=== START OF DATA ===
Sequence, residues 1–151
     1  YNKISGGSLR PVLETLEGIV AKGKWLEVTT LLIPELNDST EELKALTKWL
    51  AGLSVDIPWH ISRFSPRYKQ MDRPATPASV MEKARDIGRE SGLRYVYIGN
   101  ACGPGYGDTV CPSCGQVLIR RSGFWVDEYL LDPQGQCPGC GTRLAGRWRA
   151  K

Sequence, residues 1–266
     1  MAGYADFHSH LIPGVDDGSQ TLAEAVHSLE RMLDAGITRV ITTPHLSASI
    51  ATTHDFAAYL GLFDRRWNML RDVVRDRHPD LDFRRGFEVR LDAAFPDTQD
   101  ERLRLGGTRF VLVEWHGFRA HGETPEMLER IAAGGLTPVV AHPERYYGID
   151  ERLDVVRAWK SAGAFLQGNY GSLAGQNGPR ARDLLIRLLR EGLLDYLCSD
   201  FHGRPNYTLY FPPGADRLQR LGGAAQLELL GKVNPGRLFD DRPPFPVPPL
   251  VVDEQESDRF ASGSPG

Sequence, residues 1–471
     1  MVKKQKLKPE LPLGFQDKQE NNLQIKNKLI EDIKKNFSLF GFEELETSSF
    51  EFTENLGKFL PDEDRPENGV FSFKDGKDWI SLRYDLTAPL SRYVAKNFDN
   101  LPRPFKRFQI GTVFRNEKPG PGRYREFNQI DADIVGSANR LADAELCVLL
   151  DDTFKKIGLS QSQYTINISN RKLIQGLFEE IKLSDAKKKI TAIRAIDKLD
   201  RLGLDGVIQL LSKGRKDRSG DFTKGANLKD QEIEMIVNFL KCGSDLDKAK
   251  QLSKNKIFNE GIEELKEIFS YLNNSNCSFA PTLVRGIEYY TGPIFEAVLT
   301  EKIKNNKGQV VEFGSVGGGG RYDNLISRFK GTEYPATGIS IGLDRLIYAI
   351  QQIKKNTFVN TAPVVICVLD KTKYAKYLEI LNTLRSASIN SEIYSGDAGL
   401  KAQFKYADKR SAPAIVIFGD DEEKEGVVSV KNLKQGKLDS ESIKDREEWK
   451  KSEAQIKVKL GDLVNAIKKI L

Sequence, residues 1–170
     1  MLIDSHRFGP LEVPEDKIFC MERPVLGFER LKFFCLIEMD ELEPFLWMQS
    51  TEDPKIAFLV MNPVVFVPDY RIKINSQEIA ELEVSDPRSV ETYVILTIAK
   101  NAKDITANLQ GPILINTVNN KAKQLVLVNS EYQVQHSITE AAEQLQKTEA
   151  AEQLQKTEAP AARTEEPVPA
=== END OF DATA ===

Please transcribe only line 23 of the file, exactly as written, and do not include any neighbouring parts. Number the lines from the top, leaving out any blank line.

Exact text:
   451  KSEAQIKVKL GDLVNAIKKI L